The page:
Only in a few other COT reports, clustered around the June 3 record technical fund short position of 42,800 contracts were the technical funds more short in COMEX silver than they are in the current report. You'll remember that leading up to the record technical fund short position of June 3, both I and many others wrote in detail about the unusually large technical fund short position and how it must lead to a price rally at some point.
As I have described on previous occasions, technical fund short selling is both the cause for price declines (like we have just experienced) and provides the sure-fire rocket fuel type of buying that causes prices to rise. From the June 3 low in price, the technical funds bought back more than 33,000 short contracts and added 20,000 new long contracts; a total of 53,000 silver contracts (265 million oz). In fact, the technical funds quickly reversed a record gross and net short position in COMEX silver on June 3 to a record gross and net long position by early July; something never seen before. And yet silver barely managed to climb $2.75 on 265 million oz of rapid-fire technical fund buying, even less of a gain than previous silver rallies.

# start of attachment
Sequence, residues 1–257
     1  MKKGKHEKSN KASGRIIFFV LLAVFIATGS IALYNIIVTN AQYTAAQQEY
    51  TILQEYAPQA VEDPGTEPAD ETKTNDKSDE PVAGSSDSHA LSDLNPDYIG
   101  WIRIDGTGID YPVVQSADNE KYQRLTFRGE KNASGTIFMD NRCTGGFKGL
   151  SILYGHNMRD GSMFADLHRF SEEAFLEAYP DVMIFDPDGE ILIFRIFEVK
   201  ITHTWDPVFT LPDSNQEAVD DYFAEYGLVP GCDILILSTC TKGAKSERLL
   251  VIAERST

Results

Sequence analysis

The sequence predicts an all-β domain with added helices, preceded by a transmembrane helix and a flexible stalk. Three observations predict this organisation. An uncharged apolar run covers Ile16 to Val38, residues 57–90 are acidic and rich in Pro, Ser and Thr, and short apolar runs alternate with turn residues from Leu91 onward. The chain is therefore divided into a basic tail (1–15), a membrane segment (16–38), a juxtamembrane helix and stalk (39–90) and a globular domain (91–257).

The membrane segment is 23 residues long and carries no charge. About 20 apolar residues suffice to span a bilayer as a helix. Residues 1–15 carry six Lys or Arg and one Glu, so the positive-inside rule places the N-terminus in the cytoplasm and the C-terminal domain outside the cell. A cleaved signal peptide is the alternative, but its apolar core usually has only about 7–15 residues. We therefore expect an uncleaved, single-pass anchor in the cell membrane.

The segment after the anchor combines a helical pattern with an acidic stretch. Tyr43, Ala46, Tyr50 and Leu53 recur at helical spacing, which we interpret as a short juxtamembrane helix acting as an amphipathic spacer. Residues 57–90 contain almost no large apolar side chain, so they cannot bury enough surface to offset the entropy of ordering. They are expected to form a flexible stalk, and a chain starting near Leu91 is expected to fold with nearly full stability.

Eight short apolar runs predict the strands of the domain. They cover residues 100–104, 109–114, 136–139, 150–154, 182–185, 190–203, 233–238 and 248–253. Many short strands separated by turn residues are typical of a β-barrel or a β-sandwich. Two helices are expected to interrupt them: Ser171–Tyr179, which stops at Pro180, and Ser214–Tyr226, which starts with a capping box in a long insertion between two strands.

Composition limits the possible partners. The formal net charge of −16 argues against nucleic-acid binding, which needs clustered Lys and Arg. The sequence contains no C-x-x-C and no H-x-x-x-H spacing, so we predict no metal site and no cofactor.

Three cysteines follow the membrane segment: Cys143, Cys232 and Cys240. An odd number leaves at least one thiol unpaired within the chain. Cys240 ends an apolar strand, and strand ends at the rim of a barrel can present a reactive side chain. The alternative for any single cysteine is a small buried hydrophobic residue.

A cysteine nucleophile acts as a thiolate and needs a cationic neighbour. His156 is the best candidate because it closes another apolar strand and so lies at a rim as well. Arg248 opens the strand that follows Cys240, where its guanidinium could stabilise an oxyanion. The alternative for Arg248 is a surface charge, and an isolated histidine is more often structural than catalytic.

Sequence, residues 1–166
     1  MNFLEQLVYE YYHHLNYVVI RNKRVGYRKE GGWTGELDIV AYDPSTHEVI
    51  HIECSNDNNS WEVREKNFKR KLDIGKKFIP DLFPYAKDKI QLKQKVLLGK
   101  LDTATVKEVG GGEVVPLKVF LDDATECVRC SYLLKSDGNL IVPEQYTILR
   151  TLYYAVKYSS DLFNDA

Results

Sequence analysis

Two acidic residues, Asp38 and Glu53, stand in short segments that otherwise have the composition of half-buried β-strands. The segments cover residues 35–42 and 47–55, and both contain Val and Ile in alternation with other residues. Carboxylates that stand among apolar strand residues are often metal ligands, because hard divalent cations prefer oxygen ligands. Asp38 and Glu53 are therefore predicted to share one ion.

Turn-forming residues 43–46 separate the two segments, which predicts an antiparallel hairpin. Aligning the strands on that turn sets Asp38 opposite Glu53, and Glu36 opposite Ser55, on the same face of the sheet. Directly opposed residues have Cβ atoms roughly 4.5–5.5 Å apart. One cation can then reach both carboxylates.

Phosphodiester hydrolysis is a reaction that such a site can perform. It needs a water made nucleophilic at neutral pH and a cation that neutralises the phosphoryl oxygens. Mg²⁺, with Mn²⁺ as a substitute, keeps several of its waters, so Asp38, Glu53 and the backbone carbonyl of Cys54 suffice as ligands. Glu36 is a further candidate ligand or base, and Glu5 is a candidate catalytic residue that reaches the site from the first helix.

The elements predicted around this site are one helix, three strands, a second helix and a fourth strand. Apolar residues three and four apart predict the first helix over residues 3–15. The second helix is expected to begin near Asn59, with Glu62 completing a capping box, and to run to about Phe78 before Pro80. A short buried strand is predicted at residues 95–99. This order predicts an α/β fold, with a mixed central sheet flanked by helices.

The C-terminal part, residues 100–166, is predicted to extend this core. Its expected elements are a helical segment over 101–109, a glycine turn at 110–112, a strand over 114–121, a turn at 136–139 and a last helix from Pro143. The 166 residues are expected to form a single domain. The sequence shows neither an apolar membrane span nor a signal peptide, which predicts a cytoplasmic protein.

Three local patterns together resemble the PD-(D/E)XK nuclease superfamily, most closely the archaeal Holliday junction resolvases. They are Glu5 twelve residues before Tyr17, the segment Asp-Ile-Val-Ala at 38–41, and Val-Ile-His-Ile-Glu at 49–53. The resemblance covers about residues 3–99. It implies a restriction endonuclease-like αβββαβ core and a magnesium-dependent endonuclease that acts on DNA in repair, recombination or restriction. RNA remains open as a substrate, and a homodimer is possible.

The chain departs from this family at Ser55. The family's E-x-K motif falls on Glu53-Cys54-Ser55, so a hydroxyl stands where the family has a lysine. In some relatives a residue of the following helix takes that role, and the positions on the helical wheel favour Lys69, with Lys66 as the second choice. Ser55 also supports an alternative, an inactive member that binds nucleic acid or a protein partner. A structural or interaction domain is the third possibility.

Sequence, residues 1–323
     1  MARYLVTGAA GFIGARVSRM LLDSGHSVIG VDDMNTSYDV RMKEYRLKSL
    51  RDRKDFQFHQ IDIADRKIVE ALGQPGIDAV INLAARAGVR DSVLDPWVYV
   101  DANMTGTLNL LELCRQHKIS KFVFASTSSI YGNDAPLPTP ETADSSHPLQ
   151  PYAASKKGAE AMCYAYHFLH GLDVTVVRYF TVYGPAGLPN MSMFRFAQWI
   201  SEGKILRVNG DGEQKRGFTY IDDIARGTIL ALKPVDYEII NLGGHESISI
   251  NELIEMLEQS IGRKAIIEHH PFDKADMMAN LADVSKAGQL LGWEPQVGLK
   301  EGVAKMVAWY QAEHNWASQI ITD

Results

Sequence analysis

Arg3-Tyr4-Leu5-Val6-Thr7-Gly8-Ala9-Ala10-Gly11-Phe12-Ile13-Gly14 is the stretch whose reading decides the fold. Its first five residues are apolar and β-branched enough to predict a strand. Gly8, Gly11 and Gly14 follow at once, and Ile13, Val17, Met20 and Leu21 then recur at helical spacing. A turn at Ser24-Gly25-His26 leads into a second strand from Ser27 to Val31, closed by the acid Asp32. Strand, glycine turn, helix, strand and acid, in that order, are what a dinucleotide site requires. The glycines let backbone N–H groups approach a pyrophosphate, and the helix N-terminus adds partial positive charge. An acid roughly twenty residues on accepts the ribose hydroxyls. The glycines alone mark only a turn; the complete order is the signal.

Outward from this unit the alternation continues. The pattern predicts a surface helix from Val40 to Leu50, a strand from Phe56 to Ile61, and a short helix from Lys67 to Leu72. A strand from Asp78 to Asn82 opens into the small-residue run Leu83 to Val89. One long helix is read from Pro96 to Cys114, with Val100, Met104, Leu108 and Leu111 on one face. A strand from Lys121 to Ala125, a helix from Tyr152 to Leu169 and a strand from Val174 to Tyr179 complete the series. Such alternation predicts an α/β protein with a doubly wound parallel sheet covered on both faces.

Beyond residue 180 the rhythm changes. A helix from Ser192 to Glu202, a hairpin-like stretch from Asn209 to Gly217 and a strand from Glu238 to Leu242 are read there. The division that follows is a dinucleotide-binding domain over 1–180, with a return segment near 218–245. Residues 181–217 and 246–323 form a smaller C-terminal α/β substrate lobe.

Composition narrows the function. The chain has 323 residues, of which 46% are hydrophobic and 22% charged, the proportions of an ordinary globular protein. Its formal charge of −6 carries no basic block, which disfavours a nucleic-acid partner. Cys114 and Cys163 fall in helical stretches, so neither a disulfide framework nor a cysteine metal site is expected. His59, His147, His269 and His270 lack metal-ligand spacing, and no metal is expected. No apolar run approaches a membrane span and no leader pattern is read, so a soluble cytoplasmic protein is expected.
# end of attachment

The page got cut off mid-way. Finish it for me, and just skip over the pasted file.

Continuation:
The only explanation for the anemic rally was that the commercials sold with such reckless abandon that they succeeded in capping silver prices despite the enormous technical fund buying. Therefore, it is not unreasonable to assume that might occur again; as it has been happening with increased regularity over the past year or so.
Certainly, I can't rule out that the commercials might once again collude to sell so aggressively so as to cap silver prices. But I can rule out that the silver manipulation can continue indefinitely, meaning it must end at some point. There is nothing precluding that the silver manipulation will not end soon. No matter when it ends, it must be known that prices will be markedly different as and when the manipulation is terminated.